I may be mistaken, I'm stretching my brain to remember their setup. But I vaguely recall them having a temp sensor for the evaporator.
 

SLOWPOKE693

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based on my reading the AC performance on the OBS leaves a lot to be desired. Also electric fans move less CFMs then the OEM mechanical.

i will have to check my bronco and f150 with a temp gun and see what i am getting

My OBS Ford will freeze you out of the truck if I drive around with it on high. And I'm in Texas where its hot, hot.
 

Tiha

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No temp sensor in the evap.

Low pressure cutout switch on the drier.

That low side pressure is kinda high.

There are equations to estimate charge, but the proper charge is when the inlet and outlet of the evap are the same temperature.
 

WaterH

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I may be mistaken, I'm stretching my brain to remember their setup. But I vaguely recall them having a temp sensor for the evaporator.

They don't show one in the diagram at LMC truck. In my research, it appears they have them on later Ford trucks. (Like 2005)
 

WaterH

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No temp sensor in the evap.

Low pressure cutout switch on the drier.

That low side pressure is kinda high.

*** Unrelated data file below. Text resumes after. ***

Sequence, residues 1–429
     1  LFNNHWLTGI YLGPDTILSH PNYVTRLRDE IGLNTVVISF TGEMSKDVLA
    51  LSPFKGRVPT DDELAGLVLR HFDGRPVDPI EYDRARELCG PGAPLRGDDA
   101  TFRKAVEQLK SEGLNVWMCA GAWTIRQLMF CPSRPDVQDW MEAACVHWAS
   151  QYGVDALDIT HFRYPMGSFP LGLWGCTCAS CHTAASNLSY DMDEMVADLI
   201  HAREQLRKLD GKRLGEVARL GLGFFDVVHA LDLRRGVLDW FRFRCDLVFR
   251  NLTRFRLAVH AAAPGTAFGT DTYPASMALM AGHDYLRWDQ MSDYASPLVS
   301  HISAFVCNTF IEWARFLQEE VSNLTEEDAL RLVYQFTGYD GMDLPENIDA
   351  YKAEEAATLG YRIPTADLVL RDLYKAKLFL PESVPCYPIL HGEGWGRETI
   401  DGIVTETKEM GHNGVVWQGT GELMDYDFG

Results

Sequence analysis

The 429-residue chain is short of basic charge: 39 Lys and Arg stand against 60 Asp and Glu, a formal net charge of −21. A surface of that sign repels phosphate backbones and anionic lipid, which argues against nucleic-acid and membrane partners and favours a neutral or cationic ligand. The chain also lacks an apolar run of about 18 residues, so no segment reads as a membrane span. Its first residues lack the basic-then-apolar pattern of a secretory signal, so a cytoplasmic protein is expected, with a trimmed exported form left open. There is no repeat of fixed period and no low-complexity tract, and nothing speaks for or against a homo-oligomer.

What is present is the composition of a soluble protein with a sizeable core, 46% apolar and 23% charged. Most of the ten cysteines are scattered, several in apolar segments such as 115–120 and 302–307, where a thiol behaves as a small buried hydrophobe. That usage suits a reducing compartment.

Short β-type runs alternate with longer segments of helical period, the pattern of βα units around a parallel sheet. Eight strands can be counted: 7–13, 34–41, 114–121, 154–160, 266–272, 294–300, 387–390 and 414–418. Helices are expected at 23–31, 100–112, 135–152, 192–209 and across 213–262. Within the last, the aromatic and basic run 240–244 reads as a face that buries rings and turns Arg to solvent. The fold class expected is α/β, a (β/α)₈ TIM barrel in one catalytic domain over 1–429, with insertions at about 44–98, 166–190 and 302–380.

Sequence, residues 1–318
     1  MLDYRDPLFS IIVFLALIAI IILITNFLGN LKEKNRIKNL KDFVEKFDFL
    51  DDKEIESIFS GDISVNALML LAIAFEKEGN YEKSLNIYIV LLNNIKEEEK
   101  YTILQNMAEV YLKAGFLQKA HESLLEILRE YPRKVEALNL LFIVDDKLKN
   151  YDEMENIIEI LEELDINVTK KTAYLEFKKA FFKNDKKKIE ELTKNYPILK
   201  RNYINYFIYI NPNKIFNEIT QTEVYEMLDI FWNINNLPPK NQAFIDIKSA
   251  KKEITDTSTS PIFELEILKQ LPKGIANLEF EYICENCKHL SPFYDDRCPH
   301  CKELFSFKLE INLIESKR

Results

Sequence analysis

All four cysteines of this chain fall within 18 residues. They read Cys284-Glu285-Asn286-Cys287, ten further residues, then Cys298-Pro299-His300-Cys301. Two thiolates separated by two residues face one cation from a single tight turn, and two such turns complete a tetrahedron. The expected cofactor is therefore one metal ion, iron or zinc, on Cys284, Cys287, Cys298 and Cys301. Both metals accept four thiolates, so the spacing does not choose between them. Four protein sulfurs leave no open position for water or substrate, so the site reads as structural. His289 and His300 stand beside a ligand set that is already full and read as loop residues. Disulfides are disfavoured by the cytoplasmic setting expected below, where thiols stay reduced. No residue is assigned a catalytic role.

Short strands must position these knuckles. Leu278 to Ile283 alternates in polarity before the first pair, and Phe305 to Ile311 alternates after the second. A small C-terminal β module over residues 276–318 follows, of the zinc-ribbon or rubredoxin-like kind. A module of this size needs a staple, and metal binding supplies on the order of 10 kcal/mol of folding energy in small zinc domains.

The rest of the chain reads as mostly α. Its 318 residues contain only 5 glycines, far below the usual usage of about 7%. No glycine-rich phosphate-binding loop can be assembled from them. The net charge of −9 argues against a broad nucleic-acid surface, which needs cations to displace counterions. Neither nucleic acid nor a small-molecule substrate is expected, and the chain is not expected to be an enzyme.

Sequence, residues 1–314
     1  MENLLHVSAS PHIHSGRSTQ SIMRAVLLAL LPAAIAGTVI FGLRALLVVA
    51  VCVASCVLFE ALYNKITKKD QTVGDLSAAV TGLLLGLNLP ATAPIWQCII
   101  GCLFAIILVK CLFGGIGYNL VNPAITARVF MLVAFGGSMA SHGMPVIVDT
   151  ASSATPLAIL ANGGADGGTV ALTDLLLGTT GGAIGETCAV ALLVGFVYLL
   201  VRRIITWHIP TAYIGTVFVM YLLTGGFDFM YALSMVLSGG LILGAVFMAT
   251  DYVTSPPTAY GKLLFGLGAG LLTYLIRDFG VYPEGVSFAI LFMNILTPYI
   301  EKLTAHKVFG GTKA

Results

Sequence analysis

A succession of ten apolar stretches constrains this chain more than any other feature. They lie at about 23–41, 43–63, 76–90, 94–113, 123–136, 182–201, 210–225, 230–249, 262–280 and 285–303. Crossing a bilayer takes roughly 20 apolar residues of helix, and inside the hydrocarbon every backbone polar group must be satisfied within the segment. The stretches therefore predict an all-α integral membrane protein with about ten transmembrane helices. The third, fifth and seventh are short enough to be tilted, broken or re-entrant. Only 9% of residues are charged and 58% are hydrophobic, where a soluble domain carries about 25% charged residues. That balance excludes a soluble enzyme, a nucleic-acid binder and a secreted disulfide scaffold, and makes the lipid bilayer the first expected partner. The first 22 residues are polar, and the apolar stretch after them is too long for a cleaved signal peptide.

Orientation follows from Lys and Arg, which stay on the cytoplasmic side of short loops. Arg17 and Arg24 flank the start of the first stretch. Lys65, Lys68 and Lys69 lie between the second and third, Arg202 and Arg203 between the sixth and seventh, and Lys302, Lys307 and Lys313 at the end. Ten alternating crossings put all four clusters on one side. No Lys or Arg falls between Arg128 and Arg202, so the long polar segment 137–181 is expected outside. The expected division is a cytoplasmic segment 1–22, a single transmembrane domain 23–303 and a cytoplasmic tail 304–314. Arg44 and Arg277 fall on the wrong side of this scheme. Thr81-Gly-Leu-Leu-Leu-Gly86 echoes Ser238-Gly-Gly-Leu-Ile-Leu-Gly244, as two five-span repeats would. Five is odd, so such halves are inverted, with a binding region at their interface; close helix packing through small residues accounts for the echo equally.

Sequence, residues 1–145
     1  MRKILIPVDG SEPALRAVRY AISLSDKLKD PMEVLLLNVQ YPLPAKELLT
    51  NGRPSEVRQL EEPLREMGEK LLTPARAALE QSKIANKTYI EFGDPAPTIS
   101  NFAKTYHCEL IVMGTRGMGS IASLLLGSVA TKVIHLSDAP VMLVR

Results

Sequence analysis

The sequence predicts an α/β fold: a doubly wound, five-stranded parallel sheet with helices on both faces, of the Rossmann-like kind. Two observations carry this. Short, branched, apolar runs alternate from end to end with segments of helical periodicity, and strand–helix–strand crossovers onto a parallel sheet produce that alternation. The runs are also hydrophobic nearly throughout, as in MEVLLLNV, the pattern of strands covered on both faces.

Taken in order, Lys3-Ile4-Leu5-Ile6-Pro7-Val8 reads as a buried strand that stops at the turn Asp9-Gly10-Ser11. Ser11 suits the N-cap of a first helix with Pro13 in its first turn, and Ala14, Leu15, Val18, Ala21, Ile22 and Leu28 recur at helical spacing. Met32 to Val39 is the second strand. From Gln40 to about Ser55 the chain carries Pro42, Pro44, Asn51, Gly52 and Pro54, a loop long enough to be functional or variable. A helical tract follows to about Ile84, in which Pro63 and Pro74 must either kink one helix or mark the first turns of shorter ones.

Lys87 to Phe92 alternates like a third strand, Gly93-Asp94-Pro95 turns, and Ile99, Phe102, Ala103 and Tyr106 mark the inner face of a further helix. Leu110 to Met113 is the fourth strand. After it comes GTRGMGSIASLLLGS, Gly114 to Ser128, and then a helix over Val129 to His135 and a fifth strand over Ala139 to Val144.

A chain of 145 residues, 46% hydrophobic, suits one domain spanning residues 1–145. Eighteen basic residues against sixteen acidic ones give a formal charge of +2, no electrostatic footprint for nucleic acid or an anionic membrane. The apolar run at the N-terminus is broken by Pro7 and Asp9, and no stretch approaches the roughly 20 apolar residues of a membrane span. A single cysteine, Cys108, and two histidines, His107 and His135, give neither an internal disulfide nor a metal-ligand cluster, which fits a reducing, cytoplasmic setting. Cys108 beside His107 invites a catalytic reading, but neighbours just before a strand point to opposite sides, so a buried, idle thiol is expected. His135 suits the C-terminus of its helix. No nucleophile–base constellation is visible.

There are equations to estimate charge, but the proper charge is when the inlet and outlet of the evap are the same temperature.

That's interesting. My AC multi-meter has a temp probe. Of course, I just broke it working on something else. I guess I need to order another..
 

Tiha

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What engine rpm are you taking your temp and pressure readings at?

ideally 1200-1500 rpm.

And you are trying to cool a big cabin, but any AC system should put out vent temps 30 degrees below ambient. From the factory they were designed to only be 20 degrees below ambient.
 

WaterH

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What engine rpm are you taking your temp and pressure readings at?

ideally 1200-1500 rpm.

And you are trying to cool a big cabin, but any AC system should put out vent temps 30 degrees below ambient. From the factory they were designed to only be 20 degrees below ambient.

I have a plate that holds the rpms up alittle higher than idle. (Maybe 1100-1200)

I realize the cabin will take some time to cool, but the vent temp never gets below 60. My wife's Vette will put out 48 degrees almost immediately.
 

Tiha